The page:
Induction Training Level 1.
Friends and Casual Visitors

Introduction
This document was carefully thought out at a time when we were running a busy and potentially dangerous building site. I am quite please with it, some years later, and would use this in the future as a templet. I have attended induction training at several work sites in the past. Some of the induction training set ups created a favourable impression, but were too formal. The scheme employed here in which the person who has at least read the induction training information comes away with some simple information as proof of reading, seems to be a suitable scheme for (say) social visits to dangerous sites. the scheme could be extended by (for example):
(a) Provide for access by entry of a code that proves that the Induction Training notes have been read.
(b) Make provision for the induction training to yield a difference evidence code each time it is accessed, and then set up the acces code system so that any one access code can be used only once. This would prevent someone who had not read the training notes from simply asking someone else for the code.



(Induction Training Notes Starts)
We like friends to come and visit! We like to show people around and discuss our ideas and dreams. Here is some information to make your visit safer and hastle free. This induction training is updated from time to time, so if you are an infrequent visitor, please check for updates before you come. There is a register of revisions here.

1. This is a non-smoking site. Leave your stink bombs at home.

2. Limitations.
Remember that our house site is a building site. Provisions for amenity and safety are made for building site workers. The workers have more site familiarity than you. They know how to interact with the various features that are installed to enhance their safety. Record the number four. They know about places that are not safe to enter because of the nature of the work in progress.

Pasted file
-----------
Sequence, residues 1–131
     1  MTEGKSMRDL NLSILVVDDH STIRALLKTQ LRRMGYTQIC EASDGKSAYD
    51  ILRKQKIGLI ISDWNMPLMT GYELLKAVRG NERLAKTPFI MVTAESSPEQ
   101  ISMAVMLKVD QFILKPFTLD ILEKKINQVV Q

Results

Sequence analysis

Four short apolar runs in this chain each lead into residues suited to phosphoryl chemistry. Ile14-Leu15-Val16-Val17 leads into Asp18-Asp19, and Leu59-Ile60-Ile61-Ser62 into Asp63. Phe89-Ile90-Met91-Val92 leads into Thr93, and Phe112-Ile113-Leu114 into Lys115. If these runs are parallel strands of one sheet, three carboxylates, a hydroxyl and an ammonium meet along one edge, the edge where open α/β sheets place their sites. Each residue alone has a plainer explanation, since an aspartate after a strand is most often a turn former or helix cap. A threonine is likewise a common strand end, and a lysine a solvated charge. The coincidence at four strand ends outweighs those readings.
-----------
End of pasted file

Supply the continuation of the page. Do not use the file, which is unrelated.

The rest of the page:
Watch your step.
Make sure that what you're standing on is strong and stable.
Look up and make sure that there is no danger from falling objects above.
Be alert that some rails are in place to remind you of a dangerous drop. They are not necessarily strong enough to break your fall.
Dogs and young children must be kept on a lead.

3. Be aware of where you are. The layout is shown on the plan.


The land is steep. The contour lines you see here are at metre intervals. The vertical drop from the front gate to the yard at the front of the house is 33 metres. The vertical drop from the front gate to the creek is 53 metres.

4. Special Compass.
The land boundaries are at about 45 degrees from the conventional compass points. For some reason, the use of double barrelled direction indicators (North East, North West) caused a lot of confusion, so special direction names have been adopted for the site. Record the number one. These are:
Down Hill (You figure this one out)
Bridge - The direction to the Warrandyte Bridge. 90 degress clocwize from Downhill
Up Hill (I know you can work this out)